A close up from the Fort McMurray fires today is quite impressive, with dense smoke moving to the southeast.
The fires were set up by very dry conditions, as illustrated by the percent of normal precipitation during April (see below). Some locations in the fire are had less than 25% normal precipitation.
And temperatures in the same area were 3-5C (5-9F) above normal.
The proximate cause of all this warmth and dryness? Here is the pressure (height) anomaly for the last 3 months in the midtroposphere (500hPa). You will notice very strong, small-scale, persistent area of high pressure (red color). The same ridge that gave us a wet winter and warmth.
Why was the ridge there? At this point it appears to be natural variability, but perhaps someone may find a connection with human forcing. But that connection does not exist today.
El Nino (which is a natural cycle) could have contributed as well. This year was one of the strongest El Ninos on record, and such events are highly correlated with warmer and drier conditions across the Canadian prairies.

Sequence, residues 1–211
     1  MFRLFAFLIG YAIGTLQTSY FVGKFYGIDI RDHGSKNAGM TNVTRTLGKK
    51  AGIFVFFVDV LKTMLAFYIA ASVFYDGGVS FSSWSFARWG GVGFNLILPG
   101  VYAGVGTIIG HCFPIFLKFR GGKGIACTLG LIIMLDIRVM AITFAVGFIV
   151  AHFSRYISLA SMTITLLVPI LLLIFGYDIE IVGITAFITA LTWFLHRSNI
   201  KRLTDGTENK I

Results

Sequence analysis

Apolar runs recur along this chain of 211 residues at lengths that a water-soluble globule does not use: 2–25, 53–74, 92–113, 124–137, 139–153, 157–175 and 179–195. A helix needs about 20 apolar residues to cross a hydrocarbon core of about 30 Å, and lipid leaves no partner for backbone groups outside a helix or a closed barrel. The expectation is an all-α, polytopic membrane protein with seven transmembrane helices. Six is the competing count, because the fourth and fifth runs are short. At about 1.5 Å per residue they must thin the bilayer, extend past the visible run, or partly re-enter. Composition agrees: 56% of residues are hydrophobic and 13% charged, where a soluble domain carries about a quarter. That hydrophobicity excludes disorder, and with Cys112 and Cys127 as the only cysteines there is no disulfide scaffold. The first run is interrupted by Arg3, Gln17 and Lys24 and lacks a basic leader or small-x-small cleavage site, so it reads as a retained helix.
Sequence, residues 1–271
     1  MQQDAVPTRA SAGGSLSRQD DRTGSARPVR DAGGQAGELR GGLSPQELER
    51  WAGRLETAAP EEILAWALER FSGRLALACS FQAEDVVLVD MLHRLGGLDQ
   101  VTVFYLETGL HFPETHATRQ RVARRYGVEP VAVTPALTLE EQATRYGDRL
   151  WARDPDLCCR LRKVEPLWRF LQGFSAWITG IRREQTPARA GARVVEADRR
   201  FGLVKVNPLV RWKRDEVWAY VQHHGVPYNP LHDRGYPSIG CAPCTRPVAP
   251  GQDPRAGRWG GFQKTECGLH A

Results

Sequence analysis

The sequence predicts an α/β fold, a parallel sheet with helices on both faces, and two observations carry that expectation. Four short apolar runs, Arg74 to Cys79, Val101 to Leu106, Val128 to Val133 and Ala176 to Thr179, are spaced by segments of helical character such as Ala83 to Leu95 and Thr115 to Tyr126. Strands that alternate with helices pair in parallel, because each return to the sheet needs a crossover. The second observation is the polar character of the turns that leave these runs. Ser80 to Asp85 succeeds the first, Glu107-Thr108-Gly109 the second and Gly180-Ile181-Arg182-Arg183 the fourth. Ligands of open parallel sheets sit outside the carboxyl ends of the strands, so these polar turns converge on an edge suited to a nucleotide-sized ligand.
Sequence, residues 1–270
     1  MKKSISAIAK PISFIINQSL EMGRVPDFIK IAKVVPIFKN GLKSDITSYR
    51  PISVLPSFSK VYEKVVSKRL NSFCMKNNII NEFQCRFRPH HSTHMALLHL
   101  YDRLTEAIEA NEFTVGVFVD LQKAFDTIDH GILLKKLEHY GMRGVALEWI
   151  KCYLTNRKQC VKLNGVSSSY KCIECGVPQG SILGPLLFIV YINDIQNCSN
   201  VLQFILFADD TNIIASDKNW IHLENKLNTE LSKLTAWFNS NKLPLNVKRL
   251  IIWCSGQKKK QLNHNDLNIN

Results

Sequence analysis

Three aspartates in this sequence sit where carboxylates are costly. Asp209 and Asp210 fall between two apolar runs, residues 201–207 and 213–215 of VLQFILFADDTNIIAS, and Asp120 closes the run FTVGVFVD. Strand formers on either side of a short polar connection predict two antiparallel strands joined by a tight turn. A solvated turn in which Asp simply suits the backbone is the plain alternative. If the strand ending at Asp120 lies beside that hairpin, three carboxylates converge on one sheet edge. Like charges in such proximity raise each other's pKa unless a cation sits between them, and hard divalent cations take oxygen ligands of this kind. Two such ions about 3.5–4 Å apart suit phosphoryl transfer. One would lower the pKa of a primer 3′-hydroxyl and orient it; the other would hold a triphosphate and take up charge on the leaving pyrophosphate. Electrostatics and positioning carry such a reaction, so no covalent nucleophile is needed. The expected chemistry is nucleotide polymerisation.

The slow warming of the planet due to global warming from anthropogenically increased greenhouse gases surely made a modest contribution, but clearly natural processes did the heavy lifting setting up this event. How do we know this? Here is the springtime temperature trend over the past 50-years from the excellent Goddard Institute of Space Studies surface temperature web site. The Alberta area has had only a modest warming, roughly -.2-.5C. This is much smaller that the observed anomaly of the past few months. Much larger warming was observed over the Arctic, much of that associated with human forcing.
Finally, there is one other important element. Suppression of fires over the years that has led to a very mature forest ready to explode. So human mismanagement of the boreal forest is a major element in this situation.